As stated above, defendant contends that double jeopardy prohibits his retrial since the trial judge's communications to defense counsel after the State had rested its case, constituted judicial overreaching.
In determining the sufficiency of a double jeopardy claim, the facts of each case must be examined. (People ex rel. Roberts v. Orenic (1981), 88 Ill.2d 502, 507-08, 431 N.E.2d 353.) Since United States v. Perez (1824), 22 U.S. (9 Wheat.) 579, 6 L.Ed. 165, it has been held that whether a defendant may be retried after a mistrial has been declared without the defendant's request depends on whether there was a manifest necessity for the mistrial. However, if the mistrial can be attributed to the defendant because of his motion or consent, a different analysis is applicable. See People ex rel. Mosley v. Carey (1979), 74 Ill.2d 527, 535, 387 N.E.2d 325.
• 1 The standard to be used, where the defendant has requested a mistrial or at least has consented to one, is:
"`[W]here circumstances develop not attributable to prosecutorial or judicial overreaching, a motion by the defendant for mistrial is ordinarily assumed to remove any barrier to reprosecution, even if the defendant's motion is necessitated by prosecutorial or judicial error.'" People ex rel. Roberts v. Orenic (1981), 88 Ill.2d 502, 508, citing United States v. Jorn (1971), 400 U.S. 470, 485, 27 L.Ed.2d 543, 556-57, 91 S.Ct. 547, 557.
In the present matter, defendant made the motion for a mistrial. In that motion, defendant contended that the trial court had violated the provisions of Supreme Court Rule 402(d)(1) (87 Ill.2d R. 402(d)(1)) in that he improperly initiated guilty plea discussions with defense counsel after the prosecution had rested its case. *fn1
As indicated above, even if defendant's mistrial motion is based upon judicial error, retrial is permissible. As was stated by our supreme court in People ex rel. Roberts v. Orenic:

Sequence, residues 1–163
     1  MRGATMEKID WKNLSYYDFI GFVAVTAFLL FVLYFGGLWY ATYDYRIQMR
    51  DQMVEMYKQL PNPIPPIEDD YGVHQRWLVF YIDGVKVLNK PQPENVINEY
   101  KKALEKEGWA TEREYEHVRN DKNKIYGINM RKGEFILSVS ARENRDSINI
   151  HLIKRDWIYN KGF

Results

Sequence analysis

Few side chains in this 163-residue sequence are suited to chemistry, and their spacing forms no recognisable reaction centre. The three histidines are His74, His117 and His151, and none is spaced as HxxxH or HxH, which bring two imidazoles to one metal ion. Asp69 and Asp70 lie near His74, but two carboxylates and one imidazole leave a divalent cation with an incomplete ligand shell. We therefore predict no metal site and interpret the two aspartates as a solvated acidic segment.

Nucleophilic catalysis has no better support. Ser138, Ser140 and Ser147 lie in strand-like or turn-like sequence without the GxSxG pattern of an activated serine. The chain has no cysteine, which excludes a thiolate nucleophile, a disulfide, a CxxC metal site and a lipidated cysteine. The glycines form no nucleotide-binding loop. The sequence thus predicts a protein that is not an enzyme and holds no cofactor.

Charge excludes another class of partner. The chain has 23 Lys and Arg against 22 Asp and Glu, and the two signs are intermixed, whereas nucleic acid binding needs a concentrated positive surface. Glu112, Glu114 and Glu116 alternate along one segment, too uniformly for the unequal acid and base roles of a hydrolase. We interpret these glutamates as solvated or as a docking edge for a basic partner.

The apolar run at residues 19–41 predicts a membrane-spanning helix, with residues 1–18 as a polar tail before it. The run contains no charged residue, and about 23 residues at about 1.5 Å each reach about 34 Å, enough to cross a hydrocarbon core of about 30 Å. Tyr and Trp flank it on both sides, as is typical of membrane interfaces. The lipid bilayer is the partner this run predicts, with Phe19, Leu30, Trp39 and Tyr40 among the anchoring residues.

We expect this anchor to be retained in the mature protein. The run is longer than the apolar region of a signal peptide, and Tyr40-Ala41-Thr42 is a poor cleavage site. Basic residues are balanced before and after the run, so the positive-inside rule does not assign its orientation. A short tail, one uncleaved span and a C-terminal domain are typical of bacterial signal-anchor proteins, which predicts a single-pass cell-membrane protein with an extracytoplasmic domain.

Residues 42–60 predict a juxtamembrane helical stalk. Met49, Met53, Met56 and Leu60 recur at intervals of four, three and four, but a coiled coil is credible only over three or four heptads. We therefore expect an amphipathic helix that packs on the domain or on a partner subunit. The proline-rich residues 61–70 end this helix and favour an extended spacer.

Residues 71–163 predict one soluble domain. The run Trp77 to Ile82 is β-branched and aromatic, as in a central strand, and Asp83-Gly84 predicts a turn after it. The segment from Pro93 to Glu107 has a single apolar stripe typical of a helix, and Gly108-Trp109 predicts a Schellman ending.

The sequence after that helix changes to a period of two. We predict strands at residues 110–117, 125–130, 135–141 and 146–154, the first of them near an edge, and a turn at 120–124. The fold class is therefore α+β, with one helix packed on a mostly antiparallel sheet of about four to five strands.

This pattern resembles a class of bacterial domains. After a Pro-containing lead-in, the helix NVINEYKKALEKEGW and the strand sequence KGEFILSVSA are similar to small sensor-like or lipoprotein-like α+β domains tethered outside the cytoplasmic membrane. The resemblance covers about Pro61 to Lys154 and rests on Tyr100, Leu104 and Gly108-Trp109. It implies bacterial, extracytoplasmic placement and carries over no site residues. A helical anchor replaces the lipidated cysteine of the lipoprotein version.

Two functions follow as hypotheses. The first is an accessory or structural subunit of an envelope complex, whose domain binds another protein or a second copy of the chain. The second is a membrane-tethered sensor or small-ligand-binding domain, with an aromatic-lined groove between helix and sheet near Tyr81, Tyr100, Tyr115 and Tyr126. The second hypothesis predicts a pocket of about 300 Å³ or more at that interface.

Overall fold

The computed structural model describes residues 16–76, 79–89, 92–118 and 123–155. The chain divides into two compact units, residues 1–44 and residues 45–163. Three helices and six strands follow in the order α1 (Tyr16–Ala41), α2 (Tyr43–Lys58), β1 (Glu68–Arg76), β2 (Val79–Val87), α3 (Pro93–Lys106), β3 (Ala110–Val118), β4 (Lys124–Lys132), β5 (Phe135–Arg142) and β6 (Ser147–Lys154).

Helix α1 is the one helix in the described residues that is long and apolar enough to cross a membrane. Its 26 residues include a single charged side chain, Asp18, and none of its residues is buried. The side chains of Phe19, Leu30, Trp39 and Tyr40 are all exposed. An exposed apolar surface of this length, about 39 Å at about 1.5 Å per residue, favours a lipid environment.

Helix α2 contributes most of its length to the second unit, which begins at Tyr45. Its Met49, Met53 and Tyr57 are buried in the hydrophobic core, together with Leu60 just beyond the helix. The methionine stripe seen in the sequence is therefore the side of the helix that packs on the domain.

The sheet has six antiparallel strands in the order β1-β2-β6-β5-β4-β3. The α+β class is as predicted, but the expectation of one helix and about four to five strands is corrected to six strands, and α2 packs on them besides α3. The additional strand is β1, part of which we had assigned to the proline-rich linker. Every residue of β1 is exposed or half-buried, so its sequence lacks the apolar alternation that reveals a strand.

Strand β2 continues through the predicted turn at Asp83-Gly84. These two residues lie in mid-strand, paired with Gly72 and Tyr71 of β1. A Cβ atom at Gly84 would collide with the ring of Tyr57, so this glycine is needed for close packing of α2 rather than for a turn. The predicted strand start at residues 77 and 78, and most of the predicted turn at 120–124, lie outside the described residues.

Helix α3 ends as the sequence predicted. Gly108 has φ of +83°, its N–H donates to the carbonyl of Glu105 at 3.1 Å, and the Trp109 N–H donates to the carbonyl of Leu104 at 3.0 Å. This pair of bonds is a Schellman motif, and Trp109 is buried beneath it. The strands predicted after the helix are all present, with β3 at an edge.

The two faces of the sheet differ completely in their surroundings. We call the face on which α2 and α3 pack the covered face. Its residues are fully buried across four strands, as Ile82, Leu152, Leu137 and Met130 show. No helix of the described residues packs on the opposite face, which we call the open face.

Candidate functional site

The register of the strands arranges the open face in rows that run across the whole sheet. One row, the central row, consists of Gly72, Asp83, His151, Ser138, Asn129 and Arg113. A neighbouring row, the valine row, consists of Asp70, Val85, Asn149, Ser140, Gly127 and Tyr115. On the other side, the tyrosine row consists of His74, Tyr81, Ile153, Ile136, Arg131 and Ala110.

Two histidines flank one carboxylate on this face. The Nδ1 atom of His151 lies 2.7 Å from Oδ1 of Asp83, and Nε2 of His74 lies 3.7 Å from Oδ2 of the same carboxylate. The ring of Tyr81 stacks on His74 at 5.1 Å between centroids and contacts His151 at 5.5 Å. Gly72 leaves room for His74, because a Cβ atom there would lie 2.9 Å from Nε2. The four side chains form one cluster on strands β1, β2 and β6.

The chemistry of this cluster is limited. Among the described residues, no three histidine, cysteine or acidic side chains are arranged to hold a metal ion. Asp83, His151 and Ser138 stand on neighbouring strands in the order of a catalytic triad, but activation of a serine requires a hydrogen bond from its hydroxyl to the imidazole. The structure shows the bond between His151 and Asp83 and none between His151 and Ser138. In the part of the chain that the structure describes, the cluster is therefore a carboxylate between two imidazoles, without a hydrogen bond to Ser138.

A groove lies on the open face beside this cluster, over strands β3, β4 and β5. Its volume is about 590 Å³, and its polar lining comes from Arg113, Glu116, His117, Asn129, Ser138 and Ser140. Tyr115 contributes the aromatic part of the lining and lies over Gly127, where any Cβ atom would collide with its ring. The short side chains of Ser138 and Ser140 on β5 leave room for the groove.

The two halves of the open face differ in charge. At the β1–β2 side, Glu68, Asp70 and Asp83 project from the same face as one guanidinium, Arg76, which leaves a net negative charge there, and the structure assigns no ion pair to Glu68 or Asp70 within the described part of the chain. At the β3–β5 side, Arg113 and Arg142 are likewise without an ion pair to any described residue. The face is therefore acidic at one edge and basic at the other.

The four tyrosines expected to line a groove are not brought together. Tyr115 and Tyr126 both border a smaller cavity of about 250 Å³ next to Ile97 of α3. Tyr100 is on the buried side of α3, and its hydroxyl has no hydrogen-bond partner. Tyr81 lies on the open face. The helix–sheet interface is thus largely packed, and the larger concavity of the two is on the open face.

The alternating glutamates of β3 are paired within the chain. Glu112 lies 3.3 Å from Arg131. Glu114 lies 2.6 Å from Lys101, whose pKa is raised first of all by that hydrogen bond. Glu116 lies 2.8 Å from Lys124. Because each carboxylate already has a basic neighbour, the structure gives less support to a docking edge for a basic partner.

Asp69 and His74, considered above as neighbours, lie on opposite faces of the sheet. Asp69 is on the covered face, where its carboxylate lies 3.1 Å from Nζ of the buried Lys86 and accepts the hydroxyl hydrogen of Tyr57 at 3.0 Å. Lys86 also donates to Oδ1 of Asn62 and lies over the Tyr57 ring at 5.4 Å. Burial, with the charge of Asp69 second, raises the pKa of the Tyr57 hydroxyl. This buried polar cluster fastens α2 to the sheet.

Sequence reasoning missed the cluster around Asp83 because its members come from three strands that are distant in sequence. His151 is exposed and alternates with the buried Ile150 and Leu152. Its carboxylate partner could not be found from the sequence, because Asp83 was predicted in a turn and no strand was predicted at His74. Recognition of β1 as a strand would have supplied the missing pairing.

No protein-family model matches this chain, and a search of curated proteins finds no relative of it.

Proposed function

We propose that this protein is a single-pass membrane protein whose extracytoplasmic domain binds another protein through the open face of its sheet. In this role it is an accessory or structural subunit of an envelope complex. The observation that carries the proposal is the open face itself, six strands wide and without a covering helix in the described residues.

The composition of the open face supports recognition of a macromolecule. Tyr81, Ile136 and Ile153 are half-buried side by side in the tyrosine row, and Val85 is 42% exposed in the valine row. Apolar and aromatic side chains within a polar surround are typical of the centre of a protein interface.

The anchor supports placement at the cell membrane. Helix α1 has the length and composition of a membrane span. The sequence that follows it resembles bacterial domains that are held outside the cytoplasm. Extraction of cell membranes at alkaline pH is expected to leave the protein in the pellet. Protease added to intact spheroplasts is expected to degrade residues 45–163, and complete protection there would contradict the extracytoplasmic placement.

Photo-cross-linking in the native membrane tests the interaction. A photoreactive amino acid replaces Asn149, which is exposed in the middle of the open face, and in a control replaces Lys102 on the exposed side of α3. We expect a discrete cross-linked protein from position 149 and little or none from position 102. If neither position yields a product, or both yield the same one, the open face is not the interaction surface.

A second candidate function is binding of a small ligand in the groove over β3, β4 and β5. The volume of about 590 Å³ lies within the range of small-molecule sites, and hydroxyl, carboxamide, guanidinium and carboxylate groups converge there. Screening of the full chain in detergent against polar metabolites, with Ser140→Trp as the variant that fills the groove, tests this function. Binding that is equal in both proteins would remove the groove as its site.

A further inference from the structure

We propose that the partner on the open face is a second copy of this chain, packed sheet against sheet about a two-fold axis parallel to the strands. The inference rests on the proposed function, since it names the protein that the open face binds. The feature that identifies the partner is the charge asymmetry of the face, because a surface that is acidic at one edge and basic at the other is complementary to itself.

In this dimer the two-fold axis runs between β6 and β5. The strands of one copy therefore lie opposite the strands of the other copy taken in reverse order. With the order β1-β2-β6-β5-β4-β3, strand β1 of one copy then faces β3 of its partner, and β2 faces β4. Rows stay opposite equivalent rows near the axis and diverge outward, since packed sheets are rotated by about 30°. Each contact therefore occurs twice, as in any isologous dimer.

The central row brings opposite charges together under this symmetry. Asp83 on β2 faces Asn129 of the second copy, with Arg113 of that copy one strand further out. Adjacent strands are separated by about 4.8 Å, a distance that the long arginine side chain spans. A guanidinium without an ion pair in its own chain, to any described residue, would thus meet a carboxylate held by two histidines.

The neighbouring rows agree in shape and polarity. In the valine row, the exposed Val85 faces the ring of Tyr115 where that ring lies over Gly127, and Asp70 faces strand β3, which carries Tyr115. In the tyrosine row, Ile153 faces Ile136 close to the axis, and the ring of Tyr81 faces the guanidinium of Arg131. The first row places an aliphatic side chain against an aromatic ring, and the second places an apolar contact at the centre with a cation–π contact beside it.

"Many mistrials are requested or consented to by defendants, even though the error or perceived error necessitating the mistrial was that of the prosecutor or the judge. `Such a motion by the defendant is deemed to be a deliberate election on his part to forgo his valued right to have his guilt or innocence determined before the first trier of fact.'" (People ex rel. Roberts v. Orenic (1981), 88 Ill.2d 502, 509, citing United States v. Scott (1978), 437 U.S. 82, 93, 57 L.Ed.2d 65, 75-76, 98 S.Ct. 2187, 2194-95.)
Because of the complexities of the trial itself, some prosecutorial or judicial error may inevitably occur in a significant number of cases. To preclude reprosecution whenever such error results in a mistrial would exact too high a price for the defendant's interest in finality and accord too little weight to society's final interest in the enforcement of criminal laws. People v. Pendleton (1979), 75 Ill. App.3d 580, 593, 394 N.E.2d 496.
• 2 Nevertheless, defendant contends that his request for a mistrial was necessitated by judicial overreaching rather than judicial error. It is true that if the defendant's request for a mistrial is attributable not to prosecutorial or judicial error, but rather to prosecutorial or judicial overreaching, retrial is forbidden. (People v. Pendleton (1979), 75 Ill. App.3d 580, 394 N.E.2d 496.) In Pendleton, this court defined judicial overreaching as prosecutorial or judicial misconduct:
"(1) [W]hich is specifically designed to provoke a mistrial in order to secure a second - and perhaps more favorable - opportunity to convict the accused [citations]; or (2) which is motivated by bad faith or undertaken to harass or prejudice the accused ...